SampleBoard’s social aspect is intriguing. With its mood board tool at the center, SampleBoard’s social networking features enable designers to feed off each others ideas. Tebbutt thinks SampleBoard can be used to predict design trends and fashions.
SampleBoard’s Flash-based mood board editor has an inventory of about 30 000 product and industry specific images, and plugs into ColourLovers for colours, patterns or palettes. It also allows you to save images from the web, import images from Flickr, Picasa and Pinterest or upload your own. Through project and library folders SampleBoard serves as a type of organised online repository for your samples.
Designs can be exported to a computer, inserted into SlideShare.net, or shared via Email, Facebook, Twitter, Pinterest, Flickr and Picasa. If marked as public, designs can be showcased to the community. We counted 133 public mood boards on SampleBoard at the time of this write-up. Fortunately privacy settings allow designs to remain private for those that value their intellectual property, privacy and client confidentiality.
As a Flash-based solution however, SampleBoard will work on a limited set of mobile devices. There are also bandwidth issues to consider if high-resolution images are a requirement, but considering SampleBoard’s user-base, upstream speeds are probably less of a concern. “Currently 99% our paying users are from the US, UK and Australia and the majority of our user base are located in the US and Australia,” says Tebbutt.
The SampleBoard team consists of Tebbutt and co-founder Paul Jooste, also an interior designer specialising in sales and marketing within the design manufacturing industry. Prior to starting SampleBoard, Tebbutt worked as an interior designer at Louis Karol Architects, one of the largest multi-disciplinary firms in South Africa and before that at Area Sq, one of the UK’s leading commercial interior design and fit-out specialists. She holds a national diploma in Interior Design from the Cape Peninsula University of Technology, Cape Town.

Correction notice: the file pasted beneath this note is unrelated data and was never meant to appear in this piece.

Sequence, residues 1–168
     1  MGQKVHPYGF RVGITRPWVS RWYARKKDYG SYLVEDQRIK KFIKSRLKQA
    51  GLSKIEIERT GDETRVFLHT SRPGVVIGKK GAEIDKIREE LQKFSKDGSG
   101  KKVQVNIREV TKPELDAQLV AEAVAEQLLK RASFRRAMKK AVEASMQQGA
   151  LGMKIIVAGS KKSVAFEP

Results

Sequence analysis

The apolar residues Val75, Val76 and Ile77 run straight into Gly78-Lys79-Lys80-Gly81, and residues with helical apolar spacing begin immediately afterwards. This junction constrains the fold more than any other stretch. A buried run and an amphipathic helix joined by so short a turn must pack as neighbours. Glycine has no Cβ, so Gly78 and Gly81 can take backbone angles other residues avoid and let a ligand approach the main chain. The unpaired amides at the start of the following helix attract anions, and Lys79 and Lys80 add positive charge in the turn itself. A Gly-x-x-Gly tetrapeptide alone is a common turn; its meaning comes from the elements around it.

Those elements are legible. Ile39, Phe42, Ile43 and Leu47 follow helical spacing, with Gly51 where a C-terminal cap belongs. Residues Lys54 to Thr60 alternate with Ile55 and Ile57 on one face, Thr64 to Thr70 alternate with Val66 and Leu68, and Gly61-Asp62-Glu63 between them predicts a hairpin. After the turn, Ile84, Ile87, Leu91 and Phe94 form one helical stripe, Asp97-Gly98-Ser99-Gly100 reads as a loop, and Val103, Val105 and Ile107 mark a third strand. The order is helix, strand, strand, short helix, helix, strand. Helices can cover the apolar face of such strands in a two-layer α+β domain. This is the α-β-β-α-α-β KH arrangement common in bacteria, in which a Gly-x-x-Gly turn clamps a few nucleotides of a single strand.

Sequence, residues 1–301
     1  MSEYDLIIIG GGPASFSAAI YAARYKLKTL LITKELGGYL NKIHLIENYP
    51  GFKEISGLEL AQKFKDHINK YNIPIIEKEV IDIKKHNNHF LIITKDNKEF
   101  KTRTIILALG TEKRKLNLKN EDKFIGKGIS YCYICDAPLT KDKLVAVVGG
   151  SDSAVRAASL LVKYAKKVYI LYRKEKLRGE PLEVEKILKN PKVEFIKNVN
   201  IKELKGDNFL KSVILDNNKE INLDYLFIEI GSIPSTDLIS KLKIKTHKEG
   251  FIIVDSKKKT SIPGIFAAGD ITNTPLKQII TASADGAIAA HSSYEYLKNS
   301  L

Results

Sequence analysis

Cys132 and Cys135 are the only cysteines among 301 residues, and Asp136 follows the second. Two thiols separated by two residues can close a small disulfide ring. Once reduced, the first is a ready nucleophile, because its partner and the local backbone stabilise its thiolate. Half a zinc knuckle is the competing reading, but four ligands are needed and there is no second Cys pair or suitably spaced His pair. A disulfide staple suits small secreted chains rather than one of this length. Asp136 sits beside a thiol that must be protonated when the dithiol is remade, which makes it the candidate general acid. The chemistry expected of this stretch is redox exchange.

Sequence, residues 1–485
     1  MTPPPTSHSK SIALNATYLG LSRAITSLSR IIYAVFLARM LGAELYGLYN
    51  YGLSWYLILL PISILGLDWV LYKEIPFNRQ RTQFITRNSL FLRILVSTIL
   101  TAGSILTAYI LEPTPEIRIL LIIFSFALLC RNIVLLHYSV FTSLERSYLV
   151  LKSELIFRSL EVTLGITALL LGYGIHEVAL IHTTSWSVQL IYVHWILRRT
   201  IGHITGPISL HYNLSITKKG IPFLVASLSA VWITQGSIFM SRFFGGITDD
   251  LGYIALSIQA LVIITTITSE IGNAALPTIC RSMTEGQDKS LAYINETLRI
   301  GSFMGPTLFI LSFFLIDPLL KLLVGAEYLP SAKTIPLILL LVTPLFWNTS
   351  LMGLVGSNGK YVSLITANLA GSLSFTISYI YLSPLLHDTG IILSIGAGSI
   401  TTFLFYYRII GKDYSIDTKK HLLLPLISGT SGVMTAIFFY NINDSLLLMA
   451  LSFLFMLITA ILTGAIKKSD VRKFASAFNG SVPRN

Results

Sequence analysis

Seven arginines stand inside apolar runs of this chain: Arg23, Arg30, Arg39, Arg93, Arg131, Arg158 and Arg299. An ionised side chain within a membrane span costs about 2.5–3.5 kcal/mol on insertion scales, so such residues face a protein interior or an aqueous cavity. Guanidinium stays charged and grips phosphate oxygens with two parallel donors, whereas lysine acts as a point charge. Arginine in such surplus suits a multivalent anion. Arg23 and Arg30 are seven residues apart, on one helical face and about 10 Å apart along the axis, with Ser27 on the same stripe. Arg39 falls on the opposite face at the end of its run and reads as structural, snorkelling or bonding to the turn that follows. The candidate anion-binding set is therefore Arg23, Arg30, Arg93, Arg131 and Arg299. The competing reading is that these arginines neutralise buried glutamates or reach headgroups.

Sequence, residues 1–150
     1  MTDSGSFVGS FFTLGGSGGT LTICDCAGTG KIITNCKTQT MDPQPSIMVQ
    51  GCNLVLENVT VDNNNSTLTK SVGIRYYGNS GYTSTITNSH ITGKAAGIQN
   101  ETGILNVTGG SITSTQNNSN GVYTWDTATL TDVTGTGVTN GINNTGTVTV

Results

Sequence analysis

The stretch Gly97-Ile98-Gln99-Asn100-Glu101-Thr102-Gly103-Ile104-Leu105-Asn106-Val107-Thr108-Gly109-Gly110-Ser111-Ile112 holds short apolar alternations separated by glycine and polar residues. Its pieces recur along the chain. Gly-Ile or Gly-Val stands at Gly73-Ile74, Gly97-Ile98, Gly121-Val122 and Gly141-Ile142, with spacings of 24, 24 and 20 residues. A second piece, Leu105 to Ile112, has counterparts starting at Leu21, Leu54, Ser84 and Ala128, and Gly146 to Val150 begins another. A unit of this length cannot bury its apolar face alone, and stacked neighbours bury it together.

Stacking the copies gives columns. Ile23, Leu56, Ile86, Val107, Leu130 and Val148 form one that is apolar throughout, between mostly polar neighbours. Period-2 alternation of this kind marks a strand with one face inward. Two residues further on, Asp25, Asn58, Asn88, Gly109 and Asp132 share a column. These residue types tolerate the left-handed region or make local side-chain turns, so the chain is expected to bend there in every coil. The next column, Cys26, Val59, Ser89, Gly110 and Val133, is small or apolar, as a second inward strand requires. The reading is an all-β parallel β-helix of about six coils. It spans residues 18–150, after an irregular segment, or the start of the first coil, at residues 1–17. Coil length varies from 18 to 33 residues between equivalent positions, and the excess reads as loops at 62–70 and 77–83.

Tebbutt sees herself as a “designer-founder” who guides the product and organisation through the full stack which includes user research, interaction design, information architecture, all the way to the interface, and everything in between.
SampleBoard’s revenue is subscription based. It offers a 14 day free trial with 3 plans available: US$5 Basic, $16 Premium and US$24 Pro. Apart from the seed round, SampleBoard has four other unnamed angel investors who are also shareholders together with Tebbutt, Jooste, Rosena MacFadzean and Andrea Bohmert.
While there are those that would argue that the tactile feel of samples remain important and that existing solutions for digital conversion and presentation — scanners, cameras and Photoshop for example — are adequate, the space is alive with competitors. Canadian Oilioboard competes directly with SampleBoard, while Polyvore, Pinterest, mydeco share some of SampleBoard’s features.
What about the future? Tebbutt and Jooste plan to capitalise on a data set that comes with having users in a niche industry and to become a legitimate competitor to image editing packages likes Adobe Photoshop, especially in larger organisations where the per user license model hurts the wallet.
There are also plans to form partnerships with online design institutions that would have their student base use SampleBoard as part of their curriculum.